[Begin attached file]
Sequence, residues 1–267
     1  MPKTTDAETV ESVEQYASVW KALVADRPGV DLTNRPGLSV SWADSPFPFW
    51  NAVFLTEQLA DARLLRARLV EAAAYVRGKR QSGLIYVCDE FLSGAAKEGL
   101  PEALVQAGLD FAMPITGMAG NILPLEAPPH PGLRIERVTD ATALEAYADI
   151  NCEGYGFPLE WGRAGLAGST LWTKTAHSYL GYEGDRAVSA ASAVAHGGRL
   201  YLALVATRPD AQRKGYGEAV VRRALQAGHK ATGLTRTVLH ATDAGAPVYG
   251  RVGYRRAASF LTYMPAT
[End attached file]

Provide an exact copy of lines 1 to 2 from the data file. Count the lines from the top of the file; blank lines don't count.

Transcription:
Sequence, residues 1–267
     1  MPKTTDAETV ESVEQYASVW KALVADRPGV DLTNRPGLSV SWADSPFPFW